Listening is an active process that involves more than just hearing someone speaking. It’s an act of giving our undivided attention to another.
As a busy parent it can be easy to feel overwhelmed by the “have to do” tasks on our never ending list. We feel pressured to give 100% in our jobs, to have the perfect, clean, tidy house, a well maintained garden, the car washed and our hair and make-up always in place or a freshly pressed shirt on. In the battle to keep up appearances we become unwitting slaves to constant activity and exhaustion; feeling unable to spare enough time to stop and focus solely on our child.
Contrary to the popular old saying, all children desire to be both seen and heard.
As we have two ears and only one mouth we are designed to listen more than we talk.
We all know what it feels like to be talking to someone and they are not listening, however, have you paused to reflect “HOW do I know that?”
As we really listen we will make eye contact with the other person, smile and nod. Often we make positive, encouraging noises so that they will continue. Unconsciously we will mirror their body posture, or lean forwards and become unconcerned about the other things going on around us. Just observe a couple flirting and you will see what I mean.
Children are excited to share their world with us. If we are not taking notice they will either give up asking or escalate their efforts to gain our attention. Are you familiar with the whining child or the repeated calling of “Mummy” or “Daddy” with increasing volume until you respond? In my experience it’s much harder to shout at a child when you are looking into their eyes.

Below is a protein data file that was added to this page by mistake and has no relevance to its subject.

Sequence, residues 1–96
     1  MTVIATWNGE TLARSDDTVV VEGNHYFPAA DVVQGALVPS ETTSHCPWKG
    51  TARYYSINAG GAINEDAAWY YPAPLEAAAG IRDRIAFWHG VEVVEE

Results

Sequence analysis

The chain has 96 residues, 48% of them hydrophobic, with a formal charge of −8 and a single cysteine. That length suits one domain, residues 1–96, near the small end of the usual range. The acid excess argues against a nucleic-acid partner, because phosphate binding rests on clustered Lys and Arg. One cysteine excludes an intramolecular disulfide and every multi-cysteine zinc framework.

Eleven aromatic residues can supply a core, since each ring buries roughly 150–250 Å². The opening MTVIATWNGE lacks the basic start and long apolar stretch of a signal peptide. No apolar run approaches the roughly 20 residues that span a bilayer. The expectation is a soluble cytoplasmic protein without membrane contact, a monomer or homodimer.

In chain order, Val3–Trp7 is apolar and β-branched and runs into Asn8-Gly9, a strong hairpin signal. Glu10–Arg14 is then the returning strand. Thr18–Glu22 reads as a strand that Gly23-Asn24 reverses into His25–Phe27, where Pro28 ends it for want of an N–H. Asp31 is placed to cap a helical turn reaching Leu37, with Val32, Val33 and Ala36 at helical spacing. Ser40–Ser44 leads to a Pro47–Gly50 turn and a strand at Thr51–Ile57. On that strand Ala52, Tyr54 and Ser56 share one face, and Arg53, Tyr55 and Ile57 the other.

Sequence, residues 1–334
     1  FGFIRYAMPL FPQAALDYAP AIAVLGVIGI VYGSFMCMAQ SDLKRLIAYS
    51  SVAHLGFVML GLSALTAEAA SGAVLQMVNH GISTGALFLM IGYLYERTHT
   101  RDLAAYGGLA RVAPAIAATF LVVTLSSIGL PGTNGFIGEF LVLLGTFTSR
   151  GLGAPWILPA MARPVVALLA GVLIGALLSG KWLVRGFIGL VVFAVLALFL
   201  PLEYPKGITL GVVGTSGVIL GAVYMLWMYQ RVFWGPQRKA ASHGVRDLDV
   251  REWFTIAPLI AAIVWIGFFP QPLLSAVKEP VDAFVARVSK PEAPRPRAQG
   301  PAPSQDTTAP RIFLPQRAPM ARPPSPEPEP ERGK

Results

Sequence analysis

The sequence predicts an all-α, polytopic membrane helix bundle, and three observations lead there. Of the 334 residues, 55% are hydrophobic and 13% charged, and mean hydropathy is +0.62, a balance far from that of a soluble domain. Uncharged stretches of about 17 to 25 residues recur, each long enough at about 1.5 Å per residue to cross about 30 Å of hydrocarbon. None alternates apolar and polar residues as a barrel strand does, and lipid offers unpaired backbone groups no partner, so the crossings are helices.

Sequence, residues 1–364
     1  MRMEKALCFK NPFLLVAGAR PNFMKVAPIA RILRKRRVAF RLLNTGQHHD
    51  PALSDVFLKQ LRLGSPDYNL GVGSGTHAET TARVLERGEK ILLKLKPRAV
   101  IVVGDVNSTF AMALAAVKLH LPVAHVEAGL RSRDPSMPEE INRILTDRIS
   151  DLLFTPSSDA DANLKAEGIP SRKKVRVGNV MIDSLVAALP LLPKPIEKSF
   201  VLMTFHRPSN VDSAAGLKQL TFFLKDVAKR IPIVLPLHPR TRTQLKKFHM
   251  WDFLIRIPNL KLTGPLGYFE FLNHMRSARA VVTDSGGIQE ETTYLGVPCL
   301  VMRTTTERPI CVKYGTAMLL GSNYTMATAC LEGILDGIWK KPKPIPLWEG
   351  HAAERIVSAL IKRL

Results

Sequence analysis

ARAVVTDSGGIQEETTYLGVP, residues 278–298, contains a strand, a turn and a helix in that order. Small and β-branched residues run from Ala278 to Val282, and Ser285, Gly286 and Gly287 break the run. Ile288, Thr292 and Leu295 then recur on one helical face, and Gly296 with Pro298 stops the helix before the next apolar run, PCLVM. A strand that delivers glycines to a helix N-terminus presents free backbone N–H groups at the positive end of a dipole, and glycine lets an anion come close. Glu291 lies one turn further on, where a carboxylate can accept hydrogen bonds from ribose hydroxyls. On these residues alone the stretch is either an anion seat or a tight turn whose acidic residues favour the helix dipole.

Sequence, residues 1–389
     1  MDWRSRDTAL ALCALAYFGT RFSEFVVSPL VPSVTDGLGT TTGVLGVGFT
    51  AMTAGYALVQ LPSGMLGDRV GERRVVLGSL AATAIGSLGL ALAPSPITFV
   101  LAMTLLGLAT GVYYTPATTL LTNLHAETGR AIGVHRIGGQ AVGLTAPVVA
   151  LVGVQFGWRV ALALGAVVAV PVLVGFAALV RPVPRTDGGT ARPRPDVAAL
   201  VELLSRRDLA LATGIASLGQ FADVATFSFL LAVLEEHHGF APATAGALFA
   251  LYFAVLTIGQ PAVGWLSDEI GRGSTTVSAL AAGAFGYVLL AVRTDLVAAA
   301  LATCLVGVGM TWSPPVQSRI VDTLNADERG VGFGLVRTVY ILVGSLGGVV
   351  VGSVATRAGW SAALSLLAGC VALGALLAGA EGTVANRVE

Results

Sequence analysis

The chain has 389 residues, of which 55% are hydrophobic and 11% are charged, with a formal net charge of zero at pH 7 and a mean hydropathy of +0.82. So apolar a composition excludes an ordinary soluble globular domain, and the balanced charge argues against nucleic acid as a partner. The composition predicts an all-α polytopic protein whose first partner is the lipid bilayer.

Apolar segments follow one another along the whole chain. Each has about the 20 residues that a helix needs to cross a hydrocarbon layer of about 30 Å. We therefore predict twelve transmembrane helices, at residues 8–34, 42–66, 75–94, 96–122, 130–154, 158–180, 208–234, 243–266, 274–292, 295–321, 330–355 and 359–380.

Listening actively, even for a few moments, transmits the message of acceptance, that we value who they are and what they wish to communicate to us. Children don’t care if the floor is grubby, the dishes are not washed or their bed is unmade. They won’t remember the messiness of toys spread all over the house or unbrushed hair. They will treasure memories of their paintings hung on the kitchen walls, the laughter shared over a game of Scrabble or cards, a walk in the park collecting leaves and feeling listened to and understood around the dinner table each evening.